DETROIT—The Detroit 3 are weeks away from having their U.S. production back at full strength, and some other auto makers are already there. But the industry isn't just picking up where it left off in March.
Budgets have been cut. The supply chain is more vulnerable. The U.S. economy is officially in a recession, and the Federal Reserve, warning that the recovery won't be quick, projects that the unemployment rate will still top 9 percent by year end.
"This is the biggest economic shock in the U.S. and the world, really, in living memory," Fed Chairman Jerome Powell said at a news conference last week. "We went from the lowest level of unemployment in 50 years to the highest level in close to 90 years, and we did it in two months."
The U.S. auto industry's unprecedented restart has moved quickly and encountered only minor setbacks, such as parts shortages caused by Mexico reopening later. Most plants making popular, high-profit vehicles are running around the clock again, and no major outbreaks of the coronavirus were reported—either among auto workers or in the surrounding communities—in the weeks after production resumed.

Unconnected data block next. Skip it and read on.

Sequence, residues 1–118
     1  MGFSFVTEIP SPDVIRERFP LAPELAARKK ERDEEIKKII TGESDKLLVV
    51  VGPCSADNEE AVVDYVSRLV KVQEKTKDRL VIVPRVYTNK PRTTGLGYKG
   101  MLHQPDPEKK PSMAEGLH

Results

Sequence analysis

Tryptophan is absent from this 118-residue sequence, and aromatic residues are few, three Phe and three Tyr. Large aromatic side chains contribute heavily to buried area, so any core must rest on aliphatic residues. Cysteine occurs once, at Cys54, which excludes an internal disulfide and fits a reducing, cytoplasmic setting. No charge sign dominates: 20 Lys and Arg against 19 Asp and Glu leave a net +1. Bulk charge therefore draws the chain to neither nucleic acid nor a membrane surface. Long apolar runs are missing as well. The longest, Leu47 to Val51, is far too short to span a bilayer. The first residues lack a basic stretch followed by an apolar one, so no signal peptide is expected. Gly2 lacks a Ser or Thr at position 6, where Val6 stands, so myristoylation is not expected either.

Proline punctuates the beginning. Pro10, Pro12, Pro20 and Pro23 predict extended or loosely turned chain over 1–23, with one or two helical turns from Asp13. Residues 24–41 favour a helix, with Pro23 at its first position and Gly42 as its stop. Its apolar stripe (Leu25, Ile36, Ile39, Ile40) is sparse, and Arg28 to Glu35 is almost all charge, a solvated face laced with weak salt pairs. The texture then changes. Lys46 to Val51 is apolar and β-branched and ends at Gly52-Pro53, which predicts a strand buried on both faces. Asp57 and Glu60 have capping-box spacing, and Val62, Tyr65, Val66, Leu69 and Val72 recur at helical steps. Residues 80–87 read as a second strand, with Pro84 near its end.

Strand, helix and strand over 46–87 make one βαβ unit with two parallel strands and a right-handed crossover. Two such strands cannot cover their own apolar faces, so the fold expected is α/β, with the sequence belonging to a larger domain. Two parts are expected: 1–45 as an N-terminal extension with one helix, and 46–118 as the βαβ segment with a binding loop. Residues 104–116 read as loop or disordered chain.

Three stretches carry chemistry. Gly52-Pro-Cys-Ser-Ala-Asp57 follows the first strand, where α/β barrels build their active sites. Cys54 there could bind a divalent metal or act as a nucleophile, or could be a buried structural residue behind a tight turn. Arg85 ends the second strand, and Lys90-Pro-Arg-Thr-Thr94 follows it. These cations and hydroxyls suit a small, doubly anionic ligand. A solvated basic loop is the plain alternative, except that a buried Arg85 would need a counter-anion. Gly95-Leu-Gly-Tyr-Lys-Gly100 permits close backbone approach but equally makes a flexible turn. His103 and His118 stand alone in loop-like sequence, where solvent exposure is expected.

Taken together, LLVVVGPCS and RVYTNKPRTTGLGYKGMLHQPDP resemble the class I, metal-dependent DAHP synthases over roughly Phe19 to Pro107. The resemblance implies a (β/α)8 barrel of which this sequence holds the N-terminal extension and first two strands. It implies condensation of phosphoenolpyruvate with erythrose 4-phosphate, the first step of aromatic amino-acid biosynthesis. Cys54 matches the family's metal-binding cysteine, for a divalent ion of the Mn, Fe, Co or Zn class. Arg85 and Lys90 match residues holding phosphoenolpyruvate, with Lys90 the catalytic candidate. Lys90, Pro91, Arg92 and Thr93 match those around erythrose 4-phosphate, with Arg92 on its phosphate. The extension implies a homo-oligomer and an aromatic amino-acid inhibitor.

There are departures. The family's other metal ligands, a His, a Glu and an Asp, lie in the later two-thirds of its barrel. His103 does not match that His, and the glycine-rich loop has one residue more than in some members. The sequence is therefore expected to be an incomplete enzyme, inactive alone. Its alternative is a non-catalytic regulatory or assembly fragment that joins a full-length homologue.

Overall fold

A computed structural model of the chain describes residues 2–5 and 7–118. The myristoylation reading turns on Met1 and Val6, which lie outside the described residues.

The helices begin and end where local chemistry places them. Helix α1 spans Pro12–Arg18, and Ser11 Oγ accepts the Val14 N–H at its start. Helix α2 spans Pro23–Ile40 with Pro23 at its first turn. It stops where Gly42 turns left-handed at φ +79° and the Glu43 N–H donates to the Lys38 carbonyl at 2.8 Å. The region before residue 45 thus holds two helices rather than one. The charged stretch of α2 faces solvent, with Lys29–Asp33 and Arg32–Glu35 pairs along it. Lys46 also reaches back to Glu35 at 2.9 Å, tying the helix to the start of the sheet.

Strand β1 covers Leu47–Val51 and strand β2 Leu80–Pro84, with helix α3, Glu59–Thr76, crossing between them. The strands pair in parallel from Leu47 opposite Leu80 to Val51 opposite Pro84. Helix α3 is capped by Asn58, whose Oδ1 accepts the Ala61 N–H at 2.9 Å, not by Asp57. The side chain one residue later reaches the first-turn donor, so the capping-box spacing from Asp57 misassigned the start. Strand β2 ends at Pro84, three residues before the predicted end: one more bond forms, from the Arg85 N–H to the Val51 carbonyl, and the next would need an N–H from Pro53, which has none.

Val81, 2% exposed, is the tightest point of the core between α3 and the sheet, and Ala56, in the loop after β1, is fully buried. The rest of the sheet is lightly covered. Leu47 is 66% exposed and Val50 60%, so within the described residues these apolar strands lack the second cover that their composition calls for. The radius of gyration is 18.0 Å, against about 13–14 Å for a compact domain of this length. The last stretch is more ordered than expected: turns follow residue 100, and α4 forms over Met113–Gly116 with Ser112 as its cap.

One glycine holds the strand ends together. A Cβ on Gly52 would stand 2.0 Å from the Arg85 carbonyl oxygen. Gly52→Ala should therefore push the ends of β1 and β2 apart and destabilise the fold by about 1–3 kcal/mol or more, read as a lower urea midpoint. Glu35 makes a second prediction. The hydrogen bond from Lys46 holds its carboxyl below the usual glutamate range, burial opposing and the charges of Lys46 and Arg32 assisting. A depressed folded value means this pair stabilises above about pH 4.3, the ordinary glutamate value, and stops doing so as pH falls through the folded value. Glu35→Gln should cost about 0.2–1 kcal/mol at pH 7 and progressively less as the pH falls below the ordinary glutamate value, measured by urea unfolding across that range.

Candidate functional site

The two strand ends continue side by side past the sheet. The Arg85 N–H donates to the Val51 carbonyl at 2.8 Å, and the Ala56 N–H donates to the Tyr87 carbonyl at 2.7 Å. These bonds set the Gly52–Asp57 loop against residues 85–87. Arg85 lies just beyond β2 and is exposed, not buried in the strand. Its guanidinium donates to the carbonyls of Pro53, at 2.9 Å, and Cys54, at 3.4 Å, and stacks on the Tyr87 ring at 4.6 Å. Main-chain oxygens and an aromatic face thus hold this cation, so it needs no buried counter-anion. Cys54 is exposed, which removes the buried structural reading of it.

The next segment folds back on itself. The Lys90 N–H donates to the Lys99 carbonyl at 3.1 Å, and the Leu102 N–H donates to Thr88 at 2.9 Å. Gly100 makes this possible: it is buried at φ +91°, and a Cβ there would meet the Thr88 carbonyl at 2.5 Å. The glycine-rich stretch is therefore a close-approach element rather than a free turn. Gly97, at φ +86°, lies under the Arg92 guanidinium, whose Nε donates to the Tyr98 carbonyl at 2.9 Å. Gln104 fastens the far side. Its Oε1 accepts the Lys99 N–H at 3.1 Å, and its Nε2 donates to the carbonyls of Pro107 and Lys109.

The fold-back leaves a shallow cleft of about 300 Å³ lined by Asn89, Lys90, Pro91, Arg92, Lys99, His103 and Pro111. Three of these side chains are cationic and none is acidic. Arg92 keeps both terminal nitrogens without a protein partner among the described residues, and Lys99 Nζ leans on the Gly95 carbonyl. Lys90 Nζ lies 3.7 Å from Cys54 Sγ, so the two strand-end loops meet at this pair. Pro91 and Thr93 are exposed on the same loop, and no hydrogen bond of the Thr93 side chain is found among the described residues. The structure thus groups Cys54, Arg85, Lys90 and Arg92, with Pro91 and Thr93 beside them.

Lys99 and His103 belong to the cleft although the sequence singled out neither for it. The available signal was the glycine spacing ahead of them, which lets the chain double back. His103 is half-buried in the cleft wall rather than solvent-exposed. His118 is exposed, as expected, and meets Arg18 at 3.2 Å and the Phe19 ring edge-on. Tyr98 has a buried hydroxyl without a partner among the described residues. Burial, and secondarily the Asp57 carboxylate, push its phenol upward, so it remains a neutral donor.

New safety protocols have resulted in fewer and shorter production stoppages than feared, fueling optimism that any resurgence of the virus would be less disruptive to auto manufacturing, though showroom traffic could suffer.
"There's a threat of demand being impacted by another wave of the pandemic," Cox economist Jonathan Smoke said, "which at this point seems to be playing out, at least in the southern half of the United States, and/or a worsening economy."
Fiat Chrysler Automobiles expects to be back to its pre-pandemic operating schedule soon. General Motors said it would be at regular production levels this month, and Ford Motor Co. is targeting July 6.
At GM's pickup plant in Fort Wayne, Ind., an overtime shift scheduled for June 13, was postponed to June 20, because of Mexico's slower restart.
"We're still targeting to be at normal capacity by the end of June or sooner if possible," GM CFO Dhivya Suryadevara said. "But obviously, it's a fluid situation."
Nissan Group and Volvo reopened the last U.S. auto assembly plants that were still down. On that basis, at least, the industry has gotten fully back on its feet.